I too am looking at the Tek 2465/A/B series of scopes. BUT, they have some issues to be aware of that's for sure! bad caps in the SMPS power supply, and several proprietary IC's that are very hard to come by! buy one you know works! a 2465 (300mhz) can be had for under $500, a 2465B(400mhz) is around $600 or more. these are on eBay often. shop wisely on these! complicated to use.

Oh yeah, I 2nd that you can't go wrong with the Tek 465B scopes! LOT's of them out there! lots of service info and they are pretty decent scopes. you cannot go wrong with one of these. They do have a lot of functions and features and for a beginner that may be a bit overwhelming at first. but should you buy one, you will own it for a long time! your money would be spent wisely!
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It all depends on just what you want a scope for. If it is trouble shooting electronics, buy an analog. If it is looking at digital signals that you don't particularly care the exact shape of buy a DSO. As Zero Cool so wisely pointed out, digital scopes are the pits for looking for noise problems. The sampled waveform inherently looks just like the kind of crap I'm usually trying to find while trouble shooting. Digital scopes have come a long way and I wouldn't mind owning one. The Rigol looks to be a steal.... But I will never give up my 2465 for trouble shooting. Having repaired just about ever form of electronic instrumentation and broadcast equipment for over thirty-five years, I think I know what I'm talking about. I'm not alone in my preferences. Take a look back in this subject at the picture of Jim Williams home bench. That man could afford any scope he wanted. A 2465B is promenent along with another really old analog scope he had configured with dual-quad input plugins giving him eight channels.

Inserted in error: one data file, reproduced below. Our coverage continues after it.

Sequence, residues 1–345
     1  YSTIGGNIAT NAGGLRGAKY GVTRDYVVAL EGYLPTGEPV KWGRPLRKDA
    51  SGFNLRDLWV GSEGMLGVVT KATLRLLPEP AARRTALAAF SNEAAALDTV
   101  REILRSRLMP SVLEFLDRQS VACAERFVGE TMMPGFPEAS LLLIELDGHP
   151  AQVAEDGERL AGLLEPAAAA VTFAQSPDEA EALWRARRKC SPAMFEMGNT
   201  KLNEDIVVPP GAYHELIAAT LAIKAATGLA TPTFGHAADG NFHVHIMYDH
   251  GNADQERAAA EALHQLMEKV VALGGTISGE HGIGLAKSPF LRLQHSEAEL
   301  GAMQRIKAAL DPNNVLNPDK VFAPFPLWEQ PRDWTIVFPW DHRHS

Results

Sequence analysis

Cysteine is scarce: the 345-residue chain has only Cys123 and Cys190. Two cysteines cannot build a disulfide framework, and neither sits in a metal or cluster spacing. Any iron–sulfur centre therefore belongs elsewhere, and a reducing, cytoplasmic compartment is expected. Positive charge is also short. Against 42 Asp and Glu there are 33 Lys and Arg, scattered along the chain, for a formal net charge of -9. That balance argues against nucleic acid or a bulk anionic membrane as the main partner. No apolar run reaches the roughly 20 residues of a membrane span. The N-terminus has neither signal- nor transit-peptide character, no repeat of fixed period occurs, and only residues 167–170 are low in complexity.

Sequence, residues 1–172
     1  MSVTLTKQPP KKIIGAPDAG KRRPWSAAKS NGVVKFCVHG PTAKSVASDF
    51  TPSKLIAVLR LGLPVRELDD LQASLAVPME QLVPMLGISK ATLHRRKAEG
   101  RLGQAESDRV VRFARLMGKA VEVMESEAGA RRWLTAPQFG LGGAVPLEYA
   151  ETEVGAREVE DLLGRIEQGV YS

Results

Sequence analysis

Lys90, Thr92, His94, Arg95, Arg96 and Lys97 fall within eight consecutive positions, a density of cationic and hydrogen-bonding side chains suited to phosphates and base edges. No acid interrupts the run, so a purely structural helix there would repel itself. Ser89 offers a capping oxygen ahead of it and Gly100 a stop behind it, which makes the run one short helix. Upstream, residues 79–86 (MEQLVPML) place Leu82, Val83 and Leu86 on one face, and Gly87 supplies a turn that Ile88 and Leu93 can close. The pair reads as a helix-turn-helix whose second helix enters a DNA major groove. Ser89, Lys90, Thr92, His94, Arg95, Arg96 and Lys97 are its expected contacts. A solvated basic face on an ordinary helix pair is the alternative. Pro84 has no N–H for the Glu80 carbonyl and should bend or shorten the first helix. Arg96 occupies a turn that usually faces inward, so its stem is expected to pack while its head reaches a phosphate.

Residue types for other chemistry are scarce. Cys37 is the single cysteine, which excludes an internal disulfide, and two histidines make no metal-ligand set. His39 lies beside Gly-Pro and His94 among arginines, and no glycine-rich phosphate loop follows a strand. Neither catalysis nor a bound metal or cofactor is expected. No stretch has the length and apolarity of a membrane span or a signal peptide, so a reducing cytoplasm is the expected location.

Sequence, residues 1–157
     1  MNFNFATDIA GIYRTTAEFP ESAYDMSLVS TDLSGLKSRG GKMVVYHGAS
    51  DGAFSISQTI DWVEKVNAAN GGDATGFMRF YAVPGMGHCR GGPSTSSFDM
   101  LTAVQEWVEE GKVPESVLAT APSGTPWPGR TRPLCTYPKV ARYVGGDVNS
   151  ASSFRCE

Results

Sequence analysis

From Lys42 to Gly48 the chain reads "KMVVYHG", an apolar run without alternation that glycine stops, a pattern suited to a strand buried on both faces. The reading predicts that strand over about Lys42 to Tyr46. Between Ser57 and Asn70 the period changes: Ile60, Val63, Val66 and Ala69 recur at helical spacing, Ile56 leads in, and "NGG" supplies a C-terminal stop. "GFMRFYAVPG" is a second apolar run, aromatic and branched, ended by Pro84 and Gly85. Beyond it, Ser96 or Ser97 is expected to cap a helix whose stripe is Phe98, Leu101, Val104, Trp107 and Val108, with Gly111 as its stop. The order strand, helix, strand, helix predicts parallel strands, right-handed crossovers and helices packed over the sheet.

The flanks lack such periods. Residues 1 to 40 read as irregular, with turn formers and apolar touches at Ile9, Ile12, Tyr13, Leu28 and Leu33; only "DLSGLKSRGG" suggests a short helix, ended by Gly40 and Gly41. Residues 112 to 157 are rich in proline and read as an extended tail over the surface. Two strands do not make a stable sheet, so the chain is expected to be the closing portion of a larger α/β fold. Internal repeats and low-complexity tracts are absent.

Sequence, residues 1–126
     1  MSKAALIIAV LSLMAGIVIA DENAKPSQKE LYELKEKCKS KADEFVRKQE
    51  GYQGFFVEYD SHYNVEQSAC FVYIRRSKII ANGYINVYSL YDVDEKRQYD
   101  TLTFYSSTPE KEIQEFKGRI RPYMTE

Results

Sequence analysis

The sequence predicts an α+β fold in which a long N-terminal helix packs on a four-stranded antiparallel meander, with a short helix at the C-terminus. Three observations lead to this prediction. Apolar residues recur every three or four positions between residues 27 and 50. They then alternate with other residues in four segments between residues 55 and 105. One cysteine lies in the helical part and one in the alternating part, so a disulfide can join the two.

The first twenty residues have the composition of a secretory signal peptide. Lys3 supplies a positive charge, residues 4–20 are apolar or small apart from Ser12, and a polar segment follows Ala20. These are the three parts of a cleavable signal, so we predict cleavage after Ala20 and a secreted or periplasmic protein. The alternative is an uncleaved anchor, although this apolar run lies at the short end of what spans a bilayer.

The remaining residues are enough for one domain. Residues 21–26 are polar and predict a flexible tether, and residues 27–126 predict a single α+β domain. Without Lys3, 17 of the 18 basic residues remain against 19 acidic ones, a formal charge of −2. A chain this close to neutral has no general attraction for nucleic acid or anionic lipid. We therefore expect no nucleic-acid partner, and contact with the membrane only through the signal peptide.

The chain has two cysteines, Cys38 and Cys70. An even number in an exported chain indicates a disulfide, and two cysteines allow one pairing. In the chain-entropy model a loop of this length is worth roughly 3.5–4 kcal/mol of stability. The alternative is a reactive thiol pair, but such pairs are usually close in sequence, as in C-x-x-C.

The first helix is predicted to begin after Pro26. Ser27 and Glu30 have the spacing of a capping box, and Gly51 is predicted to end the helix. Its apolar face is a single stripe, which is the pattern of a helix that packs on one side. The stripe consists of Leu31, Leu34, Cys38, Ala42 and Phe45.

Yes, the best analog scopes are beginning to have age issues. You have to be careful when buying one. The trace should be clearly visible with the time base at full crank with the 10x multiplier on. This is an indicator of sufficient cathode material in CRT. Trace should be sharp withouth any cloud or glow around it. A fuzzy trace or especially readout characters are evidence of a gassy CRT. Defocus the trace and run the verticle position pot up and down to iluminate every portion of the screen. Look for spots that don't iluminate; those are burn spots in the phosphor.

The 24xx series does contain some expensive hybrids that are no longer made by Tek, but they are still available. The 22xx series is far cheaper (and slower) but has more problems with caps in their switching supplies. But thats an easy fix with readily available parts. Just recap the entire supply and you're done.

465's are great, but are now so old that getting one with a good jug is very iffy. Likewise the HP 1740A. For a good cheap scope don't discount the Japanese offerings. For a time I got along fine with a 100mhz Iwatsu. Controls were laid out just like a 465. If you can sit down and play with whatever you intend to buy. Change the controls. Get a feel for the ergonomics of their layout. Individual controls are far faster to work with than a single knob does all. (I was once given free use of a brand new HP1980 with the one knob concept. After working with it a while I sent it back in favor of a 465.)